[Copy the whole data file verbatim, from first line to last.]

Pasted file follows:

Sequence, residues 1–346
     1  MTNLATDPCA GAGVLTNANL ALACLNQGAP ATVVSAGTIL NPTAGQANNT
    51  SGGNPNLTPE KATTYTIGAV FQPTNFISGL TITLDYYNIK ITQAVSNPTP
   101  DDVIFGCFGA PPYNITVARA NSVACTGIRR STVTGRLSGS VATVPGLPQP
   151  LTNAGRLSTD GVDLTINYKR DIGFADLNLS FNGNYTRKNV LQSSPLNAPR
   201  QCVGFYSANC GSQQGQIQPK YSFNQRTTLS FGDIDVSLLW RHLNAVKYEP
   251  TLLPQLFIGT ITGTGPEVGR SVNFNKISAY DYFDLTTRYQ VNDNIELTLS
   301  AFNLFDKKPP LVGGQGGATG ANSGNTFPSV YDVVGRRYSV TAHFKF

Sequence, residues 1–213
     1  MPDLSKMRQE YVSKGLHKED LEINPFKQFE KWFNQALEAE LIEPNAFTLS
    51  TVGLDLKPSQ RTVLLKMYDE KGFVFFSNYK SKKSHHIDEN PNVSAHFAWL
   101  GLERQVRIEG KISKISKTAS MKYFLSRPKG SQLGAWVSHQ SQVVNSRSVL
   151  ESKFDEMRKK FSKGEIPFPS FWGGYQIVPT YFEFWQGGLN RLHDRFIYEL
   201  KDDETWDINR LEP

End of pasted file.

Sequence, residues 1–346
     1  MTNLATDPCA GAGVLTNANL ALACLNQGAP ATVVSAGTIL NPTAGQANNT
    51  SGGNPNLTPE KATTYTIGAV FQPTNFISGL TITLDYYNIK ITQAVSNPTP
   101  DDVIFGCFGA PPYNITVARA NSVACTGIRR STVTGRLSGS VATVPGLPQP
   151  LTNAGRLSTD GVDLTINYKR DIGFADLNLS FNGNYTRKNV LQSSPLNAPR
   201  QCVGFYSANC GSQQGQIQPK YSFNQRTTLS FGDIDVSLLW RHLNAVKYEP
   251  TLLPQLFIGT ITGTGPEVGR SVNFNKISAY DYFDLTTRYQ VNDNIELTLS
   301  AFNLFDKKPP LVGGQGGATG ANSGNTFPSV YDVVGRRYSV TAHFKF

Sequence, residues 1–213
     1  MPDLSKMRQE YVSKGLHKED LEINPFKQFE KWFNQALEAE LIEPNAFTLS
    51  TVGLDLKPSQ RTVLLKMYDE KGFVFFSNYK SKKSHHIDEN PNVSAHFAWL
   101  GLERQVRIEG KISKISKTAS MKYFLSRPKG SQLGAWVSHQ SQVVNSRSVL
   151  ESKFDEMRKK FSKGEIPFPS FWGGYQIVPT YFEFWQGGLN RLHDRFIYEL
   201  KDDETWDINR LEP